The Recent Rally In McDonald’s Stock Is Too Supersized


MCD stock - The Recent Rally In McDonald’s Stock Is Too Supersized

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Shares of McDonald’s (NYSE: MCD) finally have stalled out after a monster move higher. MCD stock has risen nearly 20% after bottoming at at the $158 area in mid September. The red-hot rally is even more impressive given that the S&P 500 and the Dow Jones have actually fallen in that same time period.

All good things, however, come to an end. Now that both fundamentals and technicals are at extremes, I look for McDonald’s to struggle over the coming months.

MCD stock is now sporting a trailing P/E  over 28,  the highest multiple of the past 10 years. McDonald’s stock is also trading at the biggest valuation premium to the S&P 500 over that same time frame.  MCD is certainly no longer a value stock.

Price to sales (P/S) paints an even clearer picture of over valuation. MCD carries a nearly 7 times P/S ratio, by far the highest levels over recent years.

The near-parabolic rise over the past few months is more akin to a high-flying internet stock than a Dow Jones component. Eventually, valuation does matter.

Growth has been solid recently. Similar future growth rates, however, will be increasingly more difficult to maintain simply owing to the increased size ($145 billion market cap) and the law of large numbers. Expect a multiple contraction for McDonald’s stock price as valuations realign.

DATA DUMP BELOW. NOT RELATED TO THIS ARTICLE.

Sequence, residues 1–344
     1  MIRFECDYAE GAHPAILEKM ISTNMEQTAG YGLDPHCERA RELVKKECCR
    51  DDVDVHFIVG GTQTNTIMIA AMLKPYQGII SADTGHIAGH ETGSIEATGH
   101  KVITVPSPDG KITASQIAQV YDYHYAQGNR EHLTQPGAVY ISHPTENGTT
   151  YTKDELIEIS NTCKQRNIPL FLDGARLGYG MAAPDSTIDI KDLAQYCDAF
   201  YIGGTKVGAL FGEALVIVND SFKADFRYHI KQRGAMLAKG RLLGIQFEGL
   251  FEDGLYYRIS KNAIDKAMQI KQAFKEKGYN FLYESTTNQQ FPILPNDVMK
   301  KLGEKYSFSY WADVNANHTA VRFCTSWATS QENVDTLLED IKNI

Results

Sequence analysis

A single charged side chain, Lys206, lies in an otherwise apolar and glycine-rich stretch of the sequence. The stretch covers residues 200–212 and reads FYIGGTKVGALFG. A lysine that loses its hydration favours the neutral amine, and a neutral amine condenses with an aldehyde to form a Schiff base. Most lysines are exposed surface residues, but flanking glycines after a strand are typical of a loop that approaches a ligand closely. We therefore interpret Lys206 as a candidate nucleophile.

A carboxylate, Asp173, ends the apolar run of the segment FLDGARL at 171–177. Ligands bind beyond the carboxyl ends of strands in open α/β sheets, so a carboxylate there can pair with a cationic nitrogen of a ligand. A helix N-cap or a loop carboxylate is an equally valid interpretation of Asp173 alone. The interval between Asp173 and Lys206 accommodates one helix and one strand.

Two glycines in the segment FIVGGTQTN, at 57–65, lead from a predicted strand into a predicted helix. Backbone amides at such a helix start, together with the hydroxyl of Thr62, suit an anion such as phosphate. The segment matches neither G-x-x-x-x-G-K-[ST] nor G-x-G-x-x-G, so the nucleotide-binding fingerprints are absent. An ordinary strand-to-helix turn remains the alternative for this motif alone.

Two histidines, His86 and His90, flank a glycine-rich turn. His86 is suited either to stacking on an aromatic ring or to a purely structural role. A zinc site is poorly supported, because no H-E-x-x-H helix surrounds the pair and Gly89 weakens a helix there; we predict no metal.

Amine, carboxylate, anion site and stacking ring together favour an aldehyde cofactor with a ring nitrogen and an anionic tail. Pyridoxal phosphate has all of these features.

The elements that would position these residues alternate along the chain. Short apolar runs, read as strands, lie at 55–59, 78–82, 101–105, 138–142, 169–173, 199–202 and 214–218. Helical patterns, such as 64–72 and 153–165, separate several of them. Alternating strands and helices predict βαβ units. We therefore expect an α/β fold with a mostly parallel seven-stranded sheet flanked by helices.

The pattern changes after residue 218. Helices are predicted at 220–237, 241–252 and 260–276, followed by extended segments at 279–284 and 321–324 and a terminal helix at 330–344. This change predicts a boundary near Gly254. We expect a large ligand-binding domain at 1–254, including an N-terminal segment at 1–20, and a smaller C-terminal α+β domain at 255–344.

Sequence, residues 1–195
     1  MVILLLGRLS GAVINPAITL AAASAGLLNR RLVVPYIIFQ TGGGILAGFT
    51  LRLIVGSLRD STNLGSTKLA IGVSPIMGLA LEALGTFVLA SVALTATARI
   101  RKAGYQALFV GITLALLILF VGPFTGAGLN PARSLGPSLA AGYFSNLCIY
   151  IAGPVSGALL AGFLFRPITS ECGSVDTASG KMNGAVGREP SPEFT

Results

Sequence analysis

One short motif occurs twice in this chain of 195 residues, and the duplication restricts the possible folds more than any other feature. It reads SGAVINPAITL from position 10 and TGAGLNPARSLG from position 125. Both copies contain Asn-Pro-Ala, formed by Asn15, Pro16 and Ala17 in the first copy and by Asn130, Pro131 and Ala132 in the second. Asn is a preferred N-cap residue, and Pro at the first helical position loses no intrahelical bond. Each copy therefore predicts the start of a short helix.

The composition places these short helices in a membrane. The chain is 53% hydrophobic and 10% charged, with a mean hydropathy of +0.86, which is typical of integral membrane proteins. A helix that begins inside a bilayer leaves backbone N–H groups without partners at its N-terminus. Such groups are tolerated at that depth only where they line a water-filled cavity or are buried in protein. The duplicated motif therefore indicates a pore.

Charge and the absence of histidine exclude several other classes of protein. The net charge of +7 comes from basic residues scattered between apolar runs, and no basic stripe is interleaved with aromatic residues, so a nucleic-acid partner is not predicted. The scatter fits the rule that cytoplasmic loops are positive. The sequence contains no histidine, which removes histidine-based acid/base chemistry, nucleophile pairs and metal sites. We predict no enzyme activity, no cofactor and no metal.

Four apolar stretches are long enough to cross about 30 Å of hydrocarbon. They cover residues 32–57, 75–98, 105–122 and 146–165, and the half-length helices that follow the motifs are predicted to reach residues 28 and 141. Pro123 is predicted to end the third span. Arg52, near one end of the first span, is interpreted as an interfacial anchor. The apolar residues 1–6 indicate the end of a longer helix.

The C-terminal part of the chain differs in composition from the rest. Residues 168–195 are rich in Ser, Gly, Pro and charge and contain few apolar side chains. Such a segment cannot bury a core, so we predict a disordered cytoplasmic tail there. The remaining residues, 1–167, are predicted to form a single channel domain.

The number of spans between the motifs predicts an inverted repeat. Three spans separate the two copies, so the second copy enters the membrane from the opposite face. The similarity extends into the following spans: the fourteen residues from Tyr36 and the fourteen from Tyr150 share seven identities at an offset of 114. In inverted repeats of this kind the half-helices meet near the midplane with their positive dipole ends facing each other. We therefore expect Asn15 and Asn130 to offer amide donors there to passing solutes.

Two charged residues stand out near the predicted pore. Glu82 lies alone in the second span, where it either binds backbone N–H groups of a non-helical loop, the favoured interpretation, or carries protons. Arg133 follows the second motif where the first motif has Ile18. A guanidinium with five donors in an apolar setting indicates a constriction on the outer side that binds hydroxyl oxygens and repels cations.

McDonald’s is also looking stretched on a technical basis. Money flow has weakened considerably. MCD stock also just put in a bearish island formation.  Shares gapped to all-time highs at $190 only to reverse and close lower, and also below the $188 level. This type of price action is many times indicative of a blow-off top in the stock, especially after such a big rally.

The shorts have likely all covered and the buyers finally look to be exhausted.

The impetus behind the gap higher was an upgrade by Morgan Stanley to overweight from equal weight. Analyst John Glass upped the price target from $173 to $210, noting that a defensive stock such as MCD tends to outperform the S&P 500  during periods of decline. While the initial reaction was the usual lemming-like buy at any price, a reality check ultimately sent MCD shares lower.

Given that MCD stock was at $190, the new $210 price target represented only a 10.5% upside — certainly not a lot given how far the stock has rallied in just the past few months. Saying that McDonald’s will go down less during a market pullback is not a compelling reason to buy either, especially given the rich valuations.

Investors and traders looking for a short to help balance out their portfolio would be well served to consider MCD stock as a very viable candidate.

Tim Biggam may hold some of the aforementioned securities in one or more of his newsletters. Anyone interested in finding out more about Tim and his strategies can go to

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